Inherent powers-In dealing with this class of cases it is important to bear in mind the distinction between a case where there is no legal evidence or where there is evidence which is manifestly and clearly inconsistent with the accusation made and cases where there is legal evidence which on its appreciation may or may not support the accusation in question.
In complaint cases, at the first instance, the court should direct serving of the summons along with the copy of the complaint. If the accused seem to be avoiding the summons, the court, in the second instance should issue bailable warrant. In the third instance, when the court is fully satisfied that the accused is avoiding the courts proceeding intentionally, the process of issuance of the non-bailable warrant should be resorted to. Personal liberty is paramount, therefore, we caution courts at the first and second instance to refrain from issuing non-bailable warrants.
In State of West Bengal and Others Vs. Sujit Kumar Rana, this Court while dealing with the nature of inherent powers of the High Court held that the inherent power of the High Court is saved only where an order has been passed by the criminal court which is required to be set aside to secure the ends of justice or where the proceedings pending before a court amounts to abuse of the process of court. The power u/s 482 of the Code can be exercised by the High Court in relation to a matter pending before a criminal court or where a power is exercised by the Court under the Code of Criminal Procedure.
In exceptional cases even at the stage of argument or closure, evidence can be reopened or witness can be recalled
SUPREME COURT OF INDIA K.K. Velusamy Versus N. Palanisamy (Before : R. V. Raveendran and A. K. Patnaik, JJ.) Civil Appeal Nos. 2795-2796 of 2011 (Arising out of SLP (C) Nos. 18211-18212 of 2010) […]
Non-availability of express provision Civil courts can pass necessary orders for ends of justice, or to prevent abuse of process of Court
Manohar Lal Chopra Versus Rai Bahadur Rao Raja Seth Hiralal-Inherent jurisdiction of the court to make orders ex debito justitiae is undoubtedly affirmed by S. 151 of the Code, but that jurisdiction cannot be exercised so as to nullify the provisions of the Code. Where the Code deals expressly with a particular matter, the provision should normally be regarded as exhaustive.
Whether the inherent powers vested in High Court U/S 482 of Criminal Procedure could be exercised to quash non-compoundable offenses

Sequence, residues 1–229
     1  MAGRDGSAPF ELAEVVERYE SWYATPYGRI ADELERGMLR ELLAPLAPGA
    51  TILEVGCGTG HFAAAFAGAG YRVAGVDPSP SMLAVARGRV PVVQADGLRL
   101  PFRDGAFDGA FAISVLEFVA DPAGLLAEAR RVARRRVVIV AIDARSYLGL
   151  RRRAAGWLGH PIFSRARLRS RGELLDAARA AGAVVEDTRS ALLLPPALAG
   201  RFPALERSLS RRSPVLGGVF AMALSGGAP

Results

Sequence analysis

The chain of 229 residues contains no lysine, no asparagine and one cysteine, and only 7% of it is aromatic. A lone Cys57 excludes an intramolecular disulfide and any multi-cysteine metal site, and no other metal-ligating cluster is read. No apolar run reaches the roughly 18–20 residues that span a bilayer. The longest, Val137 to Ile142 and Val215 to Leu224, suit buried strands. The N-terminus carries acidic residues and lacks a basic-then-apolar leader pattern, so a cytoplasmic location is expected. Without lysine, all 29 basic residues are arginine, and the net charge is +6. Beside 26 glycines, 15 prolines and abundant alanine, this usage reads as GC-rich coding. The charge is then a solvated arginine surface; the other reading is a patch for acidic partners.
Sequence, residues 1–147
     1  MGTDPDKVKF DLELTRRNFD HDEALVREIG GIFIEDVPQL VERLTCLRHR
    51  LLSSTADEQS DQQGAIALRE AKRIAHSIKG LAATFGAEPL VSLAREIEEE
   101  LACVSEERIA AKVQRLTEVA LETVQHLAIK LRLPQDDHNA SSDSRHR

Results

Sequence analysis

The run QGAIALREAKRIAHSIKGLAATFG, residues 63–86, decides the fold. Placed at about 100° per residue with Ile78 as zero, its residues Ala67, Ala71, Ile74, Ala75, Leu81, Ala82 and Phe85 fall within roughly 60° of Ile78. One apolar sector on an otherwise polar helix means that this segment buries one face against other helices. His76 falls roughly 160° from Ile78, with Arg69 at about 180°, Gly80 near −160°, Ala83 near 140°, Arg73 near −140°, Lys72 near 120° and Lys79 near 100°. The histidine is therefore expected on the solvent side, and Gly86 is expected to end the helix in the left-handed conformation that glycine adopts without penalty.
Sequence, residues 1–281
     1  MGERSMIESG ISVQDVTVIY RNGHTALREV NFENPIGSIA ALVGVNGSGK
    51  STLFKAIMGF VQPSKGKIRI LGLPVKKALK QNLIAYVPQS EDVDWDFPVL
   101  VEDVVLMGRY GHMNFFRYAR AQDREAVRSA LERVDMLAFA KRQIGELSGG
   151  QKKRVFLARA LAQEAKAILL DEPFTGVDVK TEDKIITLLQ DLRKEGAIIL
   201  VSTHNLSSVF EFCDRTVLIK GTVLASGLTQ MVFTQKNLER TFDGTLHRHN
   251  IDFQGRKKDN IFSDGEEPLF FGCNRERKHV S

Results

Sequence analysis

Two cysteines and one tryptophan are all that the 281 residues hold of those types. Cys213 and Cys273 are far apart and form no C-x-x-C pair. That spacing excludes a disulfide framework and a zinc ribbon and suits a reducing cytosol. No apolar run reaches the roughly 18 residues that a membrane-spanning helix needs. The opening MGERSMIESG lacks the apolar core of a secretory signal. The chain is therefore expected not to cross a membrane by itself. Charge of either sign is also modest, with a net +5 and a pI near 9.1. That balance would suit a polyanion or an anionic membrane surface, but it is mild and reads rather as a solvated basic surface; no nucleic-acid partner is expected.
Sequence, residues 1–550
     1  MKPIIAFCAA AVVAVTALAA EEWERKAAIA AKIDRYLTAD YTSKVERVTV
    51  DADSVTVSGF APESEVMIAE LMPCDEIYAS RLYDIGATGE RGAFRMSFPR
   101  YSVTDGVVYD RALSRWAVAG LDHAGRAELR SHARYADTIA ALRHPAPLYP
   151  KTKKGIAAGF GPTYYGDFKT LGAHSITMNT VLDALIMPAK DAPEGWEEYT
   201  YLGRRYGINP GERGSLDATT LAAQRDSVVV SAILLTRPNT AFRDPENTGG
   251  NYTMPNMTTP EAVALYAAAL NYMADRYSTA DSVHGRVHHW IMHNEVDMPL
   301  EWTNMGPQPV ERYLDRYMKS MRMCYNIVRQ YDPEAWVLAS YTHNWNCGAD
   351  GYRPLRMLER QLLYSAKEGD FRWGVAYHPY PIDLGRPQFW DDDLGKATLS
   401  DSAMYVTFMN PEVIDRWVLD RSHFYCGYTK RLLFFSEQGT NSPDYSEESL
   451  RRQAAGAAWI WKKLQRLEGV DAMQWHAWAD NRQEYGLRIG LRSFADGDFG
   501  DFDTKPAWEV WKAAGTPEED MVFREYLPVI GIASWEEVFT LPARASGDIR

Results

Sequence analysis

The inherent powers of the High Court under Section 482 Code of Criminal Procedure. are not for that purpose controlled by Section 320 Code of Criminal Procedure. Having said so, we must […]
31. The inherent power under Section 482 code of Criminal Procedure. is intended to prevent the abuse of the process of the Court and to secure the ends of justice. Such power […]
Inherent powers are to be exercised by Court in very exceptional circumstances, for which the Code lays down no procedure
The civil courts are authorised to pass such orders as may be necessary for the ends of justice, or to prevent abuse of the process of court, but where an express provision is made to meet a particular situation the Code must be observed, and departure therefrom is not permissible.
It is evident that inherent powers can be exercised only to prevent the abuse of the process of the court and to secure the ends of justice. However, powers can be used […]
inherent power of the High Court ought to be exercised to prevent miscarriage of justice or to prevent the abuse of the process of the Court or to otherwise secure the ends of justice.
Keywords:-Recalling of an order permitting withdrawal of a suit- INHERENT POWER- In the absence of a specific provision in the Code of Civil Procedure providing for the filing of an application for […]
Supreme Court of India in K.K. Velusamy vs N. Palaanisamy, decided on 30 March, 2011 held :- We may summarize them as follows: (a) Section 151 is not a substantive provision which creates […]
KEYWORDS:-INHERENT POWER OF HIGH COURT- DATE:-January 5, 2018- Once the Court finds that the FIR does disclose prima facie commission of any cognizable offence, it should stay its hand and allow the […]
THE IDEA Inherent powers are powers which are resident in all courts, especially of superior jurisdiction. These powers spring not from legislation but from the nature and the Constitution of the Tribunals or Courts […]
KEYWORD:- SECOND REVISION-INHERENT POWER- SECTION 482 Cr.P.C 24-01-1997 AIR 1997 SC 987 : (1997) 1 SCR 511 : (1997) 4 SCC 241 : JT 1997 (1) SC 657 : (1997) 1 SCALE […]